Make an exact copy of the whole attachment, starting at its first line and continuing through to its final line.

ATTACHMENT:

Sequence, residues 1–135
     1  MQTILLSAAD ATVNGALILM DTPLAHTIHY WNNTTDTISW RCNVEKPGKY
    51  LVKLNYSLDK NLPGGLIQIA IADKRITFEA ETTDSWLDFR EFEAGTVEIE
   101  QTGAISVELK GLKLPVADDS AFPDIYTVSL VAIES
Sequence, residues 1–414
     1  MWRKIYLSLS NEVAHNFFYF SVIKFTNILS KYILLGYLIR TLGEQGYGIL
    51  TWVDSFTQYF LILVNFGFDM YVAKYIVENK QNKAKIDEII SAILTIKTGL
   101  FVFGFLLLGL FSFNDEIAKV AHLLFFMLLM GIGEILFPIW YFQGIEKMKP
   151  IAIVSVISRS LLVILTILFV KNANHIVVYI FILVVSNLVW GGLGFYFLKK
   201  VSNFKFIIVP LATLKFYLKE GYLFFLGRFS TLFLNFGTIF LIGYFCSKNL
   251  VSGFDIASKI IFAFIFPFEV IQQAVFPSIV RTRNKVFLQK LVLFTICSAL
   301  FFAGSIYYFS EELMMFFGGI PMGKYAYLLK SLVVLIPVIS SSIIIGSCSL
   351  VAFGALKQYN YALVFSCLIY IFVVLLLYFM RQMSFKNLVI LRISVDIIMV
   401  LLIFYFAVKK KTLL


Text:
Sequence, residues 1–135
     1  MQTILLSAAD ATVNGALILM DTPLAHTIHY WNNTTDTISW RCNVEKPGKY
    51  LVKLNYSLDK NLPGGLIQIA IADKRITFEA ETTDSWLDFR EFEAGTVEIE
   101  QTGAISVELK GLKLPVADDS AFPDIYTVSL VAIES
Sequence, residues 1–414
     1  MWRKIYLSLS NEVAHNFFYF SVIKFTNILS KYILLGYLIR TLGEQGYGIL
    51  TWVDSFTQYF LILVNFGFDM YVAKYIVENK QNKAKIDEII SAILTIKTGL
   101  FVFGFLLLGL FSFNDEIAKV AHLLFFMLLM GIGEILFPIW YFQGIEKMKP
   151  IAIVSVISRS LLVILTILFV KNANHIVVYI FILVVSNLVW GGLGFYFLKK
   201  VSNFKFIIVP LATLKFYLKE GYLFFLGRFS TLFLNFGTIF LIGYFCSKNL
   251  VSGFDIASKI IFAFIFPFEV IQQAVFPSIV RTRNKVFLQK LVLFTICSAL
   301  FFAGSIYYFS EELMMFFGGI PMGKYAYLLK SLVVLIPVIS SSIIIGSCSL
   351  VAFGALKQYN YALVFSCLIY IFVVLLLYFM RQMSFKNLVI LRISVDIIMV
   401  LLIFYFAVKK KTLL